There is in any great improvisation a sense of inevitability. You hear it in the omnivorous frame of reference evident in Keith Jarrett’s solo concerts, which traverse and bridge worlds mediated through a panoramic vision and instrumental mastery. It can equally be experienced in the organic process-based explorations of Australian improvising piano trio The Necks, whose consistent adherence to an aesthetic of slowly emerging intensity has something quite natural in its directionality, yet never fails to surprise. There is some kinship here with the grand tradition of Hindustani classical music, in which improvisation plays a large role, and in which memory, custom and interplay work together to create an immediately recognisable cultural form, the serendipitous vagaries of the improvisational moment notwithstanding. We encounter it also in the manikay of the Yolngu of Arnhem Land, in which intense, tightly structured song forms allow for a variety of improvised contributions from the performers, whether textual or melodic, before giving way to silences (perhaps better described as sonic absences) of indeterminate length. At all times, in all of these examples, agency is paramount, whether bounded by encoded cultural conventions, or by the assumed freedoms of contemporary information exchange.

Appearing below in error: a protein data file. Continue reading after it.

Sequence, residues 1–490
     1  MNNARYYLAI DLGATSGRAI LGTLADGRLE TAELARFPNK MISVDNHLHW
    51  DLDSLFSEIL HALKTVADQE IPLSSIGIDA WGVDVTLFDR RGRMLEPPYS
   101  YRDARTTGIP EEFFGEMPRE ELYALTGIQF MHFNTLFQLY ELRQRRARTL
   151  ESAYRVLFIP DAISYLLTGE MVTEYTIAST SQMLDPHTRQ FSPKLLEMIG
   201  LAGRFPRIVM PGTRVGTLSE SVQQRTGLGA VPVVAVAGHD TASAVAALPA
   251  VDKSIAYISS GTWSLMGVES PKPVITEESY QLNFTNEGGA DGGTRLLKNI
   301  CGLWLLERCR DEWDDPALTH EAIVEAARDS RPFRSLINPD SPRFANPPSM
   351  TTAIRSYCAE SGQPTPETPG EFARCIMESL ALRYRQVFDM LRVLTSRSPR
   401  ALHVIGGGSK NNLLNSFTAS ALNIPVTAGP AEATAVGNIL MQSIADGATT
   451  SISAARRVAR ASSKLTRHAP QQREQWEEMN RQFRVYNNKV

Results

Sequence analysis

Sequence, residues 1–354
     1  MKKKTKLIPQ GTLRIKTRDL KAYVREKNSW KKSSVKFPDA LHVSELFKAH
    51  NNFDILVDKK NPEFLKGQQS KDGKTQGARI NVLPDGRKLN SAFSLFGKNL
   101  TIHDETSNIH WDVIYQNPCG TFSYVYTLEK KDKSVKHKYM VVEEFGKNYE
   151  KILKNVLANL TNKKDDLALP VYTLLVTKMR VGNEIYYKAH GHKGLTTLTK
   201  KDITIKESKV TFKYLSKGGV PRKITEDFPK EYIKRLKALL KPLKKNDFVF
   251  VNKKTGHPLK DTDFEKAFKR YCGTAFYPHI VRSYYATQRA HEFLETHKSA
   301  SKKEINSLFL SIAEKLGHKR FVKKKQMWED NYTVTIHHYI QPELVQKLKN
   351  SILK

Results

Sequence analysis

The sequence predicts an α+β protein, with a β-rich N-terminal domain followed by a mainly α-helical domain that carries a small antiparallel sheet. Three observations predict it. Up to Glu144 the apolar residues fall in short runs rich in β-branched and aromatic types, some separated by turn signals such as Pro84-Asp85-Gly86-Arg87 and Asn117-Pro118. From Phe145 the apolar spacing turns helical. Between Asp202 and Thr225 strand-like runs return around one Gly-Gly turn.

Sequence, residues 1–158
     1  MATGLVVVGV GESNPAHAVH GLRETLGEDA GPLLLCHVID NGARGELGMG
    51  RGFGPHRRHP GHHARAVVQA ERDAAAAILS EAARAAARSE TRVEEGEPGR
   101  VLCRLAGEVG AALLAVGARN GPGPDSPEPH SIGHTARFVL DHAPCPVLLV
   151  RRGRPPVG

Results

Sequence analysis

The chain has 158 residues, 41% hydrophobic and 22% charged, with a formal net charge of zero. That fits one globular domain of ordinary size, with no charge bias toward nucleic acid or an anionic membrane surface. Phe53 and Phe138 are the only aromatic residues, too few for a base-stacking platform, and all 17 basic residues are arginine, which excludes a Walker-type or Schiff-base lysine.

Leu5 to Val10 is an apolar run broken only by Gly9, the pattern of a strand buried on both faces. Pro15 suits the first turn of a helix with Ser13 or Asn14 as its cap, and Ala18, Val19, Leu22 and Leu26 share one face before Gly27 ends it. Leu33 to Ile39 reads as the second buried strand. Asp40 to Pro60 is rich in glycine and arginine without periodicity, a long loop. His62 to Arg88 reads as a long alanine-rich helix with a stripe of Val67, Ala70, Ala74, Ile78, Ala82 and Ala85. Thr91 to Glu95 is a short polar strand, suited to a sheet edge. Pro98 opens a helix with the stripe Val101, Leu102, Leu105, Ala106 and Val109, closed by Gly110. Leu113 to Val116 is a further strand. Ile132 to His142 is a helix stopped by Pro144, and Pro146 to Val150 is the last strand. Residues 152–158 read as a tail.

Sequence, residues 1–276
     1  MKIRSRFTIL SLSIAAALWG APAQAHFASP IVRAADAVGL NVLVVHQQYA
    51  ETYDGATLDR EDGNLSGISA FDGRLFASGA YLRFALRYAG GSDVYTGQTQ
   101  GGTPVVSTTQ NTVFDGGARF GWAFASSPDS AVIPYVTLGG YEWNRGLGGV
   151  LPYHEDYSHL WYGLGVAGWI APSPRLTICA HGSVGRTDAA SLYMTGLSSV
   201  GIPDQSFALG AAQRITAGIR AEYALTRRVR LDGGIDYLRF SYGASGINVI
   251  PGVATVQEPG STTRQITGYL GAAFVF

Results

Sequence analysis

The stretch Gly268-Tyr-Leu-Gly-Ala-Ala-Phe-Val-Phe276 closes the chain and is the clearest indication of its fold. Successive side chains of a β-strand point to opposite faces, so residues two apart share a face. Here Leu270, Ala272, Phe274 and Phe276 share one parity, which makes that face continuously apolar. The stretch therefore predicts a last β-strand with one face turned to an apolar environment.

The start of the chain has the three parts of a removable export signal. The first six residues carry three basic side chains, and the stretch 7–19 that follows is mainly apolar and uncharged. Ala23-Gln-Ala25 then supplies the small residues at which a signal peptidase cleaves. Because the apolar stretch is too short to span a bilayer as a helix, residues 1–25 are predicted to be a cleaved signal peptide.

Having said all that, I’ve experienced the wonder of the unexpected occurring mid-flight onstage often enough to know that attempting to lock all the elements of improvisation, or creativity more generally, into an empirical box is of value only to the most hard-bitten Aristotelians. We should never cease to marvel at music made exclusively in real time only for the duration of its fragile life. But behind what seems to be serendipitous, spinning magically on the dime of chance, is based far more on technical mastery, listening and trust than on the roll of time’s dice. It would be difficult to take seriously improvised music, or indeed the numerous spontaneous nuances of notated music, were it any other way.
Coleman and Cherry. 17th November 1959. Photo: Bob Parent/Hulton Archive/Getty Images.
Door with Jazz and Graffiti. Photo: iStock.
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Professor Paul Grabowsky AO is a pianist, composer, conductor and occasional commentator on arts matters. He has been a significant contributor to the Australian jazz and contemporary music scene, with over twenty albums as a leader. He has composed the scores for over twenty feature films, working particularly with directors Paul Cox, Fred Schepisi and John Irvin. He has written several works for the stage, with commissions from Opera Australia, Opera Queensland and Victorian Opera. He founded the Australian Art Orchestra in 1994, and led it until 2013. He directed the Queensland Music Festival in 2007, and the Adelaide Festival in 2010 and 2012. His numerous awards include six ARIAs, the 2001 Sidney Myer Performing Artist of the Year and the 2007 Melbourne Prize for Music. Paul was made an Officer of the Order of Australia in 2014 and is the Executive Director of the Monash University Academy of Performing Arts.